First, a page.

Cross-posted from JohnFeffer.com.
In 1991, when they disbanded the Warsaw Pact, the countries of Central Europe officially declared their independence from the Soviet Union (though the breaking of the bond really took place two years earlier). This newfound independence did not, however, translate into a common voice or common position based on history and circumstance.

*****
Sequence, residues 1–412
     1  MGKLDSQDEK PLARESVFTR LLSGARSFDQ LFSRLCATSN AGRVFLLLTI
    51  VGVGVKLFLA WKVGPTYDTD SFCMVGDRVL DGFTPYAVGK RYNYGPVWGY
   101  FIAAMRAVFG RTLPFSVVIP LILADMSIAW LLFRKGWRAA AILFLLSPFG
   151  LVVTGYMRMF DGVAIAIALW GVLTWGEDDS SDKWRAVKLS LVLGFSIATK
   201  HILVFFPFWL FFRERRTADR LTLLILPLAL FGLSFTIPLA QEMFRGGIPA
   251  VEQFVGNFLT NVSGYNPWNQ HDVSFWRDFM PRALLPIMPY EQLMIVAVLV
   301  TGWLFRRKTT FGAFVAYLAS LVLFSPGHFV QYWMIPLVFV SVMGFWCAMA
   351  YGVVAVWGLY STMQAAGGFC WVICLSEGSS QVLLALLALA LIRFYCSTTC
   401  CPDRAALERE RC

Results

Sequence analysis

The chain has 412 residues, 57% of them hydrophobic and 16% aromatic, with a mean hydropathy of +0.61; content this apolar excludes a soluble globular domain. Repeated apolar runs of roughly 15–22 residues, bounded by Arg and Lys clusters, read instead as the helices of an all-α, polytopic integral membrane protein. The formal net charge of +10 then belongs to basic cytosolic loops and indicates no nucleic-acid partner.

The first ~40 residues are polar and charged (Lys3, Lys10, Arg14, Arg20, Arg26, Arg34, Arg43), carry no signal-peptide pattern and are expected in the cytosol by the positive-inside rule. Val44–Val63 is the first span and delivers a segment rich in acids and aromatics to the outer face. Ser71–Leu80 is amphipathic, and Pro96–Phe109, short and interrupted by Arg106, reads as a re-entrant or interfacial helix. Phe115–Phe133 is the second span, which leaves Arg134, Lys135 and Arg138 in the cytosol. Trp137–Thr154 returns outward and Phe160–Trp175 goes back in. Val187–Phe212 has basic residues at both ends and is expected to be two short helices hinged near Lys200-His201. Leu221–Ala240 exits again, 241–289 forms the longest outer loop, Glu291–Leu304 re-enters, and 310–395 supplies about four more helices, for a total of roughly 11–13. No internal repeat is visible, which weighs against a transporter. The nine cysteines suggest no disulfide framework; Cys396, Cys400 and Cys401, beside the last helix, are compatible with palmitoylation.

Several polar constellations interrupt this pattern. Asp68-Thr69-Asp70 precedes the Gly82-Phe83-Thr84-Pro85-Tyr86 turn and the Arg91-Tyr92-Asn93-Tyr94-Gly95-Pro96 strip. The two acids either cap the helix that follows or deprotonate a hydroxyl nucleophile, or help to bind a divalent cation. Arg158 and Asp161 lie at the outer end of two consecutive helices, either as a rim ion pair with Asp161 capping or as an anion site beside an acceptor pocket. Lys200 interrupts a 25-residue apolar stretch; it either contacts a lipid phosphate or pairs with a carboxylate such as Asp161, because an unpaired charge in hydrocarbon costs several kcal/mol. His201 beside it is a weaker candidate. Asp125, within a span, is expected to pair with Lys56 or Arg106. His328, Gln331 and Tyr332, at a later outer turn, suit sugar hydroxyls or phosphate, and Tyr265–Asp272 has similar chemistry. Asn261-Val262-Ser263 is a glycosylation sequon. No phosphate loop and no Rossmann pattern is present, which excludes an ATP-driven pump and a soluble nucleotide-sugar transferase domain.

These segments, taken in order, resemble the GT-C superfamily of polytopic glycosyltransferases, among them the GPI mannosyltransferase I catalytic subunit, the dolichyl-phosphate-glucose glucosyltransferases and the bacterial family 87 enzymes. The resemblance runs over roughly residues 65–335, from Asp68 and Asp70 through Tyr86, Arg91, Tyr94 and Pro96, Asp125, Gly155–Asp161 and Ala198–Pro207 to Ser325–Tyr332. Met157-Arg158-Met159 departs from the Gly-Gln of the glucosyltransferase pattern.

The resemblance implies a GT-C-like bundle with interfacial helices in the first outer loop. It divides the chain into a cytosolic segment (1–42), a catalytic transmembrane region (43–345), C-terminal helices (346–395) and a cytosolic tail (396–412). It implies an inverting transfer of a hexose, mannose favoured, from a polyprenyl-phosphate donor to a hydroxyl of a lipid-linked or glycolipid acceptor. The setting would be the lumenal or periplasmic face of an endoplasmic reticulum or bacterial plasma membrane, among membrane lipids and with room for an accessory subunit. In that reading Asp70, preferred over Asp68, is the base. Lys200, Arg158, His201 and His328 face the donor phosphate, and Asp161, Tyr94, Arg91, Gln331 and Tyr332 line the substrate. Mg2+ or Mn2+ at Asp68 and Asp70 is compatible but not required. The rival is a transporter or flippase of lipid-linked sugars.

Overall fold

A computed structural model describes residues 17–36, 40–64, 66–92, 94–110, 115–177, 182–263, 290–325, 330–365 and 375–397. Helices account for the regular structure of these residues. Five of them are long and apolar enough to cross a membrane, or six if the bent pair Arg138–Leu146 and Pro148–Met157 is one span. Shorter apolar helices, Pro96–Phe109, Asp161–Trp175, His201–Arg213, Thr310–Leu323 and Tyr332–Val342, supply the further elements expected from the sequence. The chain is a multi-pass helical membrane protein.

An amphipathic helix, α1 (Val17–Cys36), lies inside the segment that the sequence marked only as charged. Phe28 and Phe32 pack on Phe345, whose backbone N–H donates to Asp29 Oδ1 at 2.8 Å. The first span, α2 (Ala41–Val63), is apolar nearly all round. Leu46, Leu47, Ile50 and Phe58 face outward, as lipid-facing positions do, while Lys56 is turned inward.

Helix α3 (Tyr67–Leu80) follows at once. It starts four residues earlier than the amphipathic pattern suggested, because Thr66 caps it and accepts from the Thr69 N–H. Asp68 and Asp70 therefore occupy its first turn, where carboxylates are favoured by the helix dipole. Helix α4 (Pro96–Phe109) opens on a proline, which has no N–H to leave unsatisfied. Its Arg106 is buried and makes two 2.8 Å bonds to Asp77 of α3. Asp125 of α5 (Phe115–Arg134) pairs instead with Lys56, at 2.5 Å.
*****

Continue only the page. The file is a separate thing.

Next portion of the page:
The region almost immediately broke into several rival camps. Poland, Czechoslovakia, and Hungary created the Visegrad group and positioned themselves as the most likely to succeed (as members of NATO and the European Union). Bulgaria and Romania scrambled to present themselves as second-tier candidates for European accession. The Baltic countries struggled to escape their post-Soviet identity. And Yugoslavia simply fell apart.